Etymology
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a posteriori

17c., in reference to reasoning from a consequent to its antecedent, from an effect to its cause; Latin, literally "from what comes after;" from a "off, away from," usual form of ab before consonants (see ab-) + posteriori, neuter ablative of posterius, comparative of posterus "after, subsequent," from post "after" (see post-). Opposed to a priori. In modern use (from c. 1830, based on Kant) roughly equivalent to "from experience."

updated on August 10, 2018

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Definitions of a posteriori from WordNet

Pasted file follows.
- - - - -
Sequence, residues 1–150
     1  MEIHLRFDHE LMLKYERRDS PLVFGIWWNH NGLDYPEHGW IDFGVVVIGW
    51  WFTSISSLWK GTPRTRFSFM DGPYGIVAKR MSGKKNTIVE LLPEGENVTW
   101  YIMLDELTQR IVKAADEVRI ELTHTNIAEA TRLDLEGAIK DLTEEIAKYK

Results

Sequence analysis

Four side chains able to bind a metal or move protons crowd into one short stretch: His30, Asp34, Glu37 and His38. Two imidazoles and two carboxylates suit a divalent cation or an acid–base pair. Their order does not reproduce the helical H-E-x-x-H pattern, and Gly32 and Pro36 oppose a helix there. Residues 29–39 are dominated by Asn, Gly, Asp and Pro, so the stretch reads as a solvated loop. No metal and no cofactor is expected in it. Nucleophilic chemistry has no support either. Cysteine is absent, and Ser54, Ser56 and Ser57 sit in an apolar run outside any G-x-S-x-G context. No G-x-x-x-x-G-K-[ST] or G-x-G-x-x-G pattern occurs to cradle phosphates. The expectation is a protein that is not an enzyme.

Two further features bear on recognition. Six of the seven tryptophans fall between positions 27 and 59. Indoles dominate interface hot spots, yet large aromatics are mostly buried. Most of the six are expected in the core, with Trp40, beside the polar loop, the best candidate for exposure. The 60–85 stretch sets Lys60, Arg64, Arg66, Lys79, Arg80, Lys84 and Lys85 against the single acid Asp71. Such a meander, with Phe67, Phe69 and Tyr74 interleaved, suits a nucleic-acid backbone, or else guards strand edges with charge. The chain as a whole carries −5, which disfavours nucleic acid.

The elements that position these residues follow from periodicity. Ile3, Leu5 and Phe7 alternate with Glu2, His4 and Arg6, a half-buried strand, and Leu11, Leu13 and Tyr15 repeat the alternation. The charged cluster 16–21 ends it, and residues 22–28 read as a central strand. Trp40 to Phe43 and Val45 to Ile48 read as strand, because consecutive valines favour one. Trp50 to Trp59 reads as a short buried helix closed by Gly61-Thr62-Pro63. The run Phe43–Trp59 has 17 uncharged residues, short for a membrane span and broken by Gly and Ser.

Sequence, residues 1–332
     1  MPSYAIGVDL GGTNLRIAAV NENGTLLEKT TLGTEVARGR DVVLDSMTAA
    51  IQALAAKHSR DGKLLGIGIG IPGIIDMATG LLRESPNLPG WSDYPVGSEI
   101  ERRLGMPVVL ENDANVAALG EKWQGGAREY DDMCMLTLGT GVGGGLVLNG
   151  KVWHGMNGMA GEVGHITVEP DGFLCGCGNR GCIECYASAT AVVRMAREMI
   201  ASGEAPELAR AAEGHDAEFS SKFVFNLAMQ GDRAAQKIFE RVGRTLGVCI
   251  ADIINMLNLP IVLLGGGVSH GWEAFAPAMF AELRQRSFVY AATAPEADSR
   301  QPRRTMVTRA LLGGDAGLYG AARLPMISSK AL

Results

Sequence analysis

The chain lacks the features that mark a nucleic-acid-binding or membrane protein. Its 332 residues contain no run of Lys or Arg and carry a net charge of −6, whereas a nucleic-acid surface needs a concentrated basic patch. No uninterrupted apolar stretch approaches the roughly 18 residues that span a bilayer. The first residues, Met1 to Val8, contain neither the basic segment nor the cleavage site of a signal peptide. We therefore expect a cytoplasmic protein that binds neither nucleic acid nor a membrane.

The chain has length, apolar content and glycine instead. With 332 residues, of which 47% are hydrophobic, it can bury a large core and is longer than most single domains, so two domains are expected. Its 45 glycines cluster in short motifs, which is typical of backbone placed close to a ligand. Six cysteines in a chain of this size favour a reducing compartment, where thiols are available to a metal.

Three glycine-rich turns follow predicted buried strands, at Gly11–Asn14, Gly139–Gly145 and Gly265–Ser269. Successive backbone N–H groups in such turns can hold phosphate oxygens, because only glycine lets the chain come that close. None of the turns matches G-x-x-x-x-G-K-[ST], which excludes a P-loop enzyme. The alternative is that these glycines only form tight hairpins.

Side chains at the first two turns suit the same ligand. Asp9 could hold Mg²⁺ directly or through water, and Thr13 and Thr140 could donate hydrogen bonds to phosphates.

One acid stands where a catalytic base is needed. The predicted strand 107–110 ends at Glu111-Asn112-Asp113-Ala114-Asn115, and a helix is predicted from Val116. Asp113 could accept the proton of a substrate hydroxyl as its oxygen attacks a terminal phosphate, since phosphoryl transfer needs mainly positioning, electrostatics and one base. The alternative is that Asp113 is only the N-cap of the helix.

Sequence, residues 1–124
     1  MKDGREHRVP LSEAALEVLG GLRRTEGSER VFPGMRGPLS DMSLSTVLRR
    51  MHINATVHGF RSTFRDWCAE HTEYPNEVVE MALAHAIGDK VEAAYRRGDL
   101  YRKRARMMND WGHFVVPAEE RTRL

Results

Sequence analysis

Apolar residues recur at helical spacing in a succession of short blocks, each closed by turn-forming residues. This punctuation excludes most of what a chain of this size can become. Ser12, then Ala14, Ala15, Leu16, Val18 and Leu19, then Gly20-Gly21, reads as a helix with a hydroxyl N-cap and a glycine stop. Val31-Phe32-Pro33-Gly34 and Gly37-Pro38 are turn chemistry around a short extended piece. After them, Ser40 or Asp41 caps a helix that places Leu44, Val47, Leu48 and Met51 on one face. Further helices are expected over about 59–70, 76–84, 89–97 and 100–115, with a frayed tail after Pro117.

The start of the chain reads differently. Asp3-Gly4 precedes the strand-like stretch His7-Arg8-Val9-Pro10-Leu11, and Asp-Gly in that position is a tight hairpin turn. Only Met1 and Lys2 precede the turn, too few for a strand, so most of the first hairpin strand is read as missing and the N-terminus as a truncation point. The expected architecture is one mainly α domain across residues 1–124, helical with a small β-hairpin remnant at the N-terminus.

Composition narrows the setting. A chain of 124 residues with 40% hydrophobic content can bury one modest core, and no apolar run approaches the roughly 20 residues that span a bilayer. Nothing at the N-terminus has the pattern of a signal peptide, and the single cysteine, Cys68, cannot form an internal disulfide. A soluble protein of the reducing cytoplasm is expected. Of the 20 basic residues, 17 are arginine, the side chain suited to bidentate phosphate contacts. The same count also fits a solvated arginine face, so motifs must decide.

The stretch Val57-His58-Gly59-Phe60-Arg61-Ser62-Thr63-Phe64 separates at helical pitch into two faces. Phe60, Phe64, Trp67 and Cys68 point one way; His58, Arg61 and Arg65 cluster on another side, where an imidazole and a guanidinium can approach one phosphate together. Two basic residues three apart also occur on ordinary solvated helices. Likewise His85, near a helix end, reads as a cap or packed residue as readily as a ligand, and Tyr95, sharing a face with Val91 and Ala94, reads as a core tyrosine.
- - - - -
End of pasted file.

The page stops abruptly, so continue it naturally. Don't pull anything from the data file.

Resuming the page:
1
a posteriori (adv.)
derived from observed facts;
2
a posteriori (adj.)
requiring evidence for validation or support;
3
A POSTERIORI (adj.)
involving reasoning from facts or particulars to general principles or from effects to causes;
a posteriori demonstration
From wordnet.princeton.edu, not affiliated with etymonline.

Dictionary entries near a posteriori

a cappella

a deux

a la

a la carte

a la mode

a posteriori

a priori

A&P

A.A.

A.A.A.

A.B.